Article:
Cultural Revolution Being Planted
Cultural Revolution Being Planted
This Friday, I shall be attending another outing of the May Project Gardens’ (ref) remarkable mix of hip-hop and permaculture ‘Come We Grow’, aimed at helping “educate and empower individuals to live a sustainable and affordable lifestyle” (2).
Friday’s event, entitled ‘Awaken Your Eco Spirit’ and hosted by Passing Clouds (3) in Dalston, London, is specifically a fundraiser for a new course which will be held at the may Project Gardens site in Morden, South London, called “Food, Hip Hop, and the Green Economy” (2).
With such messages of cultural growth and exploration of sustainable lifestyles, it seems the perfect soil for the Abundance Garden seed-bomb workshop ‘Creating Explosives Together’, which I shall be facilitating on Friday.
What have seed bombs got to do with culture? How can making them help us explore our boundaries and maybe go beyond them? Or, put more simply, what are seedbombs and why would I want to go to a workshop about them?
For the answers to these questions you may just have to come along to the event. But to give you some idea beforehand, or for anyone who can’t make it this time, I shall give a few hints, pontifications and ideas below.
Why seed bombs?
A seed bomb is a little ball of compost, clay, and (you guessed it) seeds, which is usually left to dry to create a hard sphere around the size of a large marble. The idea of seed bombs, at its most basic level, is to create the perfect environment for the seeds to germinate within the ball, so that wherever the ball is deposited, the seeds have a very good chance of growing just there.
Seed bombs are not an Abundance Garden invention; nor are they even a new idea. Apparently, Japanese farmers have been using seedbombs for centuries if not millennia, simply as a way of sowing seeds in their fields to give the crops more of a chance of survival.
They have been popularised in the West over the last few decades by, among others, ‘Natural Farming’ practitioner Masanobu Fukuoka, who, in The One Straw Revolution, speaks of “the ultimate goal of farming” as “not the growing of crops, but the cultivation and perfection of human beings” (5).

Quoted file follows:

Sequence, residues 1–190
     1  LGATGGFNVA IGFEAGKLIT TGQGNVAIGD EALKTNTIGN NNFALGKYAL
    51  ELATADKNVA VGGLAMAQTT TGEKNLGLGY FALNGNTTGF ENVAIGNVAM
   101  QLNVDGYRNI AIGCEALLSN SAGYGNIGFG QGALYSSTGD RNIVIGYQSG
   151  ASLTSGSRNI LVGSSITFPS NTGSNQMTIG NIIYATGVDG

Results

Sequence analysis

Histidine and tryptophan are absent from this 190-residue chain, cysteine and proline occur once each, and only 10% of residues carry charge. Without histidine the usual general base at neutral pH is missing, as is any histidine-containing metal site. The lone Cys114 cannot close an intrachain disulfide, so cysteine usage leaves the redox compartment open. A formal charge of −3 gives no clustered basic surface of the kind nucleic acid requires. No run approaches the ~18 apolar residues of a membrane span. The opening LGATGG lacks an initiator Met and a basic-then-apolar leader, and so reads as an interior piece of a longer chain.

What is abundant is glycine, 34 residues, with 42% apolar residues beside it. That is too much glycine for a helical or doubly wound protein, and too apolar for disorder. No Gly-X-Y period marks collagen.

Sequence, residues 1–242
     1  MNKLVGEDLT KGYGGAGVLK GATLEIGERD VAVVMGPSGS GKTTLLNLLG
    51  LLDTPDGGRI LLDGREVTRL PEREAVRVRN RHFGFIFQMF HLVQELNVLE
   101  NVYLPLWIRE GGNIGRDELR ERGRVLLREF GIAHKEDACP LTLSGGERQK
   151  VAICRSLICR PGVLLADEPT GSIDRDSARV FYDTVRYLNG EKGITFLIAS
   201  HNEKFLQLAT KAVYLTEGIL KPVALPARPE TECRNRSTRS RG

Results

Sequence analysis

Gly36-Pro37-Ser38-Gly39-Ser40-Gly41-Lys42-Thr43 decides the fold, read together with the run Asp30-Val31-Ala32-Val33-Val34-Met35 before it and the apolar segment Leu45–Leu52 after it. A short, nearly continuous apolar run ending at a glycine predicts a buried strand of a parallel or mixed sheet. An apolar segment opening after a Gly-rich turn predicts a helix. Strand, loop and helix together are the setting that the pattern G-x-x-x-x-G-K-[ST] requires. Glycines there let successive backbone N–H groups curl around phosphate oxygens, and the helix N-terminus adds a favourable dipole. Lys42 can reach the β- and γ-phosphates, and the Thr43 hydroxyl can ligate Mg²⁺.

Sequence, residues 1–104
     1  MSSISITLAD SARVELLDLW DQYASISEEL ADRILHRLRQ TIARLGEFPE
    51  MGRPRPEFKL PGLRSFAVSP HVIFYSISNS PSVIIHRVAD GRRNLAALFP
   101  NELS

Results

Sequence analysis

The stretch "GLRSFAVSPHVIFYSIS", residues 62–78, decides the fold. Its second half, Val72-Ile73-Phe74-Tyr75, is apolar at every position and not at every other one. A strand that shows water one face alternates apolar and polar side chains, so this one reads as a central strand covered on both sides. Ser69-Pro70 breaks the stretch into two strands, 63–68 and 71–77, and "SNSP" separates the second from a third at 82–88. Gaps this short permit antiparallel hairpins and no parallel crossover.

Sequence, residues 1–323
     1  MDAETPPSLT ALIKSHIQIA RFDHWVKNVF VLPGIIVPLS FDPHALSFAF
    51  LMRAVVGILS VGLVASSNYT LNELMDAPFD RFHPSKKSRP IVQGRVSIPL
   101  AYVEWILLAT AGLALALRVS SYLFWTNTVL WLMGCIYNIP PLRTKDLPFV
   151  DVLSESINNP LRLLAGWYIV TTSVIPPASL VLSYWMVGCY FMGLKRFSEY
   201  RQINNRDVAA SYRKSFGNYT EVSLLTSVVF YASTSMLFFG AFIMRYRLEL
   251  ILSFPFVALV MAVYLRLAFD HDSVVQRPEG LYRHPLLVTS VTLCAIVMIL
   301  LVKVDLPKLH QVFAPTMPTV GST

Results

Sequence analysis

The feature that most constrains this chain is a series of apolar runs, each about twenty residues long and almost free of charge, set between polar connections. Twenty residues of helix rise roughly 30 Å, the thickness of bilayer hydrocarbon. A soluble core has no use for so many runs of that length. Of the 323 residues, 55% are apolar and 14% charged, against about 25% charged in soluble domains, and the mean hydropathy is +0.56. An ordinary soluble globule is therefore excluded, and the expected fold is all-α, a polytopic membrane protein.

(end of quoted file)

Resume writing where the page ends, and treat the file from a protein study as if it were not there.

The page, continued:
Such recognition of our intimate relationship with growing things, not just to fulfil our survival needs but as an integral part of human culture, is key to the cultivation of a healthy future for humans and the planet. Human ‘growth’ has come to mean, in some circles, the utilisation of technology to narrow our sensory perception and unbalance the natural forces of which we are a part. Yet, as David Abram (1996) puts it,
“We are human only in contact and conviviality with what is not human” (6);
it is clear that there are many other ways of growing which are more true to our own nature – which can harmonise easily with all other organisms on earth if we let it.
One example of humans growing in healthier ways is the utilisation of seed bombs as part of ‘guerilla gardening’: the cultivation of land which does not necessarily ‘belong’ to you, or indeed anyone (gardening of industrial wasteland, for example). Seedbombs are perfect for this type of gardening as they require little effort and, if you choose your species of seeds carefully, little or no maintenance as the plants can take care of themselves.
Imagining New Ways
‘Come We Grow’ is about coming together to help to grow. When we do this we can recognise that perhaps there are some aspects of our culture which we wish not to take part in. we may want to go against that which has grown us. However, as Fukuoka puts it,
“I believe that even ‘returning-to-nature’ and anti pollution activities, no matter how commendable, are not moving toward a genuine solution if they are carried out solely in reaction to the over development of the present age.” (4)
It is not enough to go against that which we do not like; the important actions which we need to take are the creation and encouragement of whichever culture we wish to be a part of in an evolving world. Yet we have to start from where we are, and with the people, plants, animals, spirits and machines which are around us right now.
Though it may seem small and insignificant, a seedbomb can encapsulate all of this: the hope and delight of cultivating something new and surprising, yet rooted in the soil of our own present.
Come and explore for yourself, if you like.
- May Project Gardens, 2015. ‘About Us’. http://mayprojectgardens5.wix.com/may-project-gardens#!about_us/csgz – retrieved 21/5/15
- May Project Gardens, 2015. ‘Come We Grow: Awaken Your Eco-Spirit’ Event Description. https://www.facebook.com/events/385840414941697/
- Passing Clouds, 2015. ‘About’. http://www.passingclouds.org/about/
- Fukuoka, M, 1978. The One-Straw Revolution: An Introduction to Natural Farming, translators Chris Pearce, Tsune Kurosawa and Larry Korn, Rodale Press.
- Abram, D, 1996. The Spell of the Sensuous. Random House: New York